WASHINGTON (Reuters) - U.S. President Donald Trump came around to the decision to allow for more troops to be sent to Afghanistan only after a prolonged internal debate in which he frequently tangled with his top national security advisers.
Trump had repeatedly argued on the campaign trail last year that the long-running wars in Afghanistan and Iraq were a waste of lives and billions of dollars that could be better spent at home.
An emotional visit in April to Walter Reed Hospital, where many grievously wounded soldiers are taken for treatment, only served to harden the president’s reluctance to send more troops.
Trump said he did not want to send more young Americans to battle only to see them lose limbs.
“What are we doing there?” he asked his national security aides, according to a senior administration official.
In a series of interviews, senior administration officials said Trump was hard to persuade but finally - and begrudgingly - agreed to allow for a modest increase in troop numbers, from the current 8,400 to more than 12,000.
He first had to be convinced that the approach he was approving was markedly different from the strategies employed by his two immediate predecessors, George W. Bush and Barack Obama, since he considered them to have failed, the officials said.
In his prime-time speech to the nation on Afghanistan policy on Monday night, Trump conceded that his original instinct on taking office had been to pull out but he was then persuaded of the dangers of a hasty withdrawal.
Putting new emphasis on anti-terrorism goals, he said U.S. troops were needed to prevent the Taliban from taking over Afghanistan and again making it a breeding ground for Islamic militants.
“This is not about nation-building again. We are killing terrorists,” he said.
In the White House discussions, some of Trump’s advisers appealed to his pride in his negotiating skills by saying he could succeed with the Taliban where Obama had failed, in part because Obama made the mistake of announcing that a surge of additional troops to Afghanistan he approved in late 2009 was temporary.
“The president knows that in order to get the Taliban to the table, he knows that he first has to prove that he’s willing to keep pressure on them for as long as it takes, which Obama failed to do,” said one of the officials. “That doesn’t mean he expects to sit down with them in Qatar tomorrow.”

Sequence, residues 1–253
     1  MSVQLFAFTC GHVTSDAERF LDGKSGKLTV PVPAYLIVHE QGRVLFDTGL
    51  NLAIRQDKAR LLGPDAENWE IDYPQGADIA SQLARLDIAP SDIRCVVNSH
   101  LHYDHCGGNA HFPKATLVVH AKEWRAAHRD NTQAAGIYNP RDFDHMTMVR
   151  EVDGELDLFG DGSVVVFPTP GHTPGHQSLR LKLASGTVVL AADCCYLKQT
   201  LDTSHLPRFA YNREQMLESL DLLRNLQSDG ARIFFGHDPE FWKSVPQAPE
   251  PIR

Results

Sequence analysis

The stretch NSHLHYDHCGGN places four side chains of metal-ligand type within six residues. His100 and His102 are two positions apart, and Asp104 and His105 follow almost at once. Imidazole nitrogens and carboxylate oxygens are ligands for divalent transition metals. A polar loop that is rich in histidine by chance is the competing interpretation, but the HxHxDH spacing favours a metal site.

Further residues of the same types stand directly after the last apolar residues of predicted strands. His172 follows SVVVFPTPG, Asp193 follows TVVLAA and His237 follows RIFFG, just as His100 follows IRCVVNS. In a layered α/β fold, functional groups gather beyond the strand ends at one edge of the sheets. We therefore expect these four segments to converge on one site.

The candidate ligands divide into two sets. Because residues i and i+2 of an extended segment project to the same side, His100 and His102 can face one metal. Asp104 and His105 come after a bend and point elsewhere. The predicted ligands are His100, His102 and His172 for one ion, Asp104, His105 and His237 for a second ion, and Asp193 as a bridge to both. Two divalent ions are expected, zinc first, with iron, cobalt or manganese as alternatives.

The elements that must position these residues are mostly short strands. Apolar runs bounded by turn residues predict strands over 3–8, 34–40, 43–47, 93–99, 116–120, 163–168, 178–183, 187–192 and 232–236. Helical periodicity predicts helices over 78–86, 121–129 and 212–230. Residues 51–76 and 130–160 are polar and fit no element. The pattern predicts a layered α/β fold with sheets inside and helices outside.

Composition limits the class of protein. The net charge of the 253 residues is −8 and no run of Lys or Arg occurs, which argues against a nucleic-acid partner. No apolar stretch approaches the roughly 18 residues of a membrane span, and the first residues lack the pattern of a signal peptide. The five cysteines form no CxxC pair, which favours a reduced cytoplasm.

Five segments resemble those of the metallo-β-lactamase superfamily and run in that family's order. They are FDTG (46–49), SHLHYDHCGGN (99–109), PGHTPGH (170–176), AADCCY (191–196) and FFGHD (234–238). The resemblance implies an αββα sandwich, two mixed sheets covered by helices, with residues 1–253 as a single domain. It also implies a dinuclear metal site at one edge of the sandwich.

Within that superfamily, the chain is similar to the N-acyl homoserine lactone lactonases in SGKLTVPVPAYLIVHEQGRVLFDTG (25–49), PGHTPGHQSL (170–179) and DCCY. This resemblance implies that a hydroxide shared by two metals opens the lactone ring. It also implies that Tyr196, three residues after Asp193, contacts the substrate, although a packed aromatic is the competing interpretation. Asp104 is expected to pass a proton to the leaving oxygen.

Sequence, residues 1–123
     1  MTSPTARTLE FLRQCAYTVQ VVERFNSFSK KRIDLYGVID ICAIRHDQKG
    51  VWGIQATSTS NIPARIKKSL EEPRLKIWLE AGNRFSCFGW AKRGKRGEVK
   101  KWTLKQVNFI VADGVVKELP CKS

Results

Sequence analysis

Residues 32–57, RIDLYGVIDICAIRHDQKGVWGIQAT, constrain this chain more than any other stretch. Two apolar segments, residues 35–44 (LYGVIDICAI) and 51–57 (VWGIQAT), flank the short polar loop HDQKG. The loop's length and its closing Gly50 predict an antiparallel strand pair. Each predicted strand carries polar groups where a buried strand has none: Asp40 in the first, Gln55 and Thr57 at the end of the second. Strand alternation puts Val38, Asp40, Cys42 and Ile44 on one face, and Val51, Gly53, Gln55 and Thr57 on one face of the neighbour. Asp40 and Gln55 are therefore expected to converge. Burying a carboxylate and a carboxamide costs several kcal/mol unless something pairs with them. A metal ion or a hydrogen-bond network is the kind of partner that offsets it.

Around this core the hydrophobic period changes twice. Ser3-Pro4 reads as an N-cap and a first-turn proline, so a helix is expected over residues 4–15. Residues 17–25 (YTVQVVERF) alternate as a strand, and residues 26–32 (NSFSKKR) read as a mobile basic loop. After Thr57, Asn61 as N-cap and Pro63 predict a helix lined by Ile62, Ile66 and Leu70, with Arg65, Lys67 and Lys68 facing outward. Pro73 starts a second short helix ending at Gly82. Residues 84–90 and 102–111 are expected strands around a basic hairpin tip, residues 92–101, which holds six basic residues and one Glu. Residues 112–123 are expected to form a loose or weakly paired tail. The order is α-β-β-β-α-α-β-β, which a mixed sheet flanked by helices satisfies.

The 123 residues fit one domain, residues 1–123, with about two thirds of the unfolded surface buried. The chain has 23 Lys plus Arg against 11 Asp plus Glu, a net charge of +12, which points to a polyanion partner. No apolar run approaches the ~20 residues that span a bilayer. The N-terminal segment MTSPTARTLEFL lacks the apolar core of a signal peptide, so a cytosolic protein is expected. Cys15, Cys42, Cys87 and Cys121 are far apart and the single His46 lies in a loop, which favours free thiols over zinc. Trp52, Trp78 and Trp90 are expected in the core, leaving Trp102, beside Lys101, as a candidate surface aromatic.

Trump challenged his advisers to provide clear measurements of how progress can be gauged, with the goal of turning the tide in a battle in which the Taliban appears to have gained the upper hand in recent months.
“He wants to be shown that we’re winning,” said one official. “They had to develop the metrics for that in advance before he would agree to it. He doesn’t want to be told in two years that it’s just as bad as it was 2017, but not worse. If that happens then we’re really talking about a withdrawal. He made that clear.”
While Trump was joined in his scepticism by his chief strategist Steve Bannon, who was fired on Friday after months of power struggles inside the White House, multiple officials said the debate was less about Bannon and more about Trump himself.
The argument that White House chief of staff John Kelly, Defense Secretary Jim Mattis and White House national security adviser H.R. McMaster made was that previous efforts faltered because the Afghan and Pakistani governments did not step up and do what is required of them to help defeat the Taliban and deny terrorists a haven in Afghanistan.
The three - who have all had distinguished military careers - also raised the spectre of Iran’s involvement in Afghanistan, an argument that helped given Trump’s desire to block Tehran’s expansionism in the Middle East, officials said.
“It was hard to put together for him all the pieces of a complicated puzzle that includes not just the three major regional players, but also India, China, Russia, and Iran,” said one official.
“But the idea that he could succeed where his predecessors had failed had a certain appeal. So did the idea of emphasizing this is part of the war against Islamic terrorism, not an effort to rebuild Afghanistan, something he had consistently opposed,” the official added.
The new Trump strategy puts greater emphasis on the responsibilities of the Pakistani and Afghan governments.
Another important factor, the officials said, was convincing Trump that the withdrawal he had advocated for years would force him to shoulder some of the blame for the Taliban victory that surely would follow.
Reporting By Steve Holland and John Walcott; Editing by Kieran Murray and Mary Milliken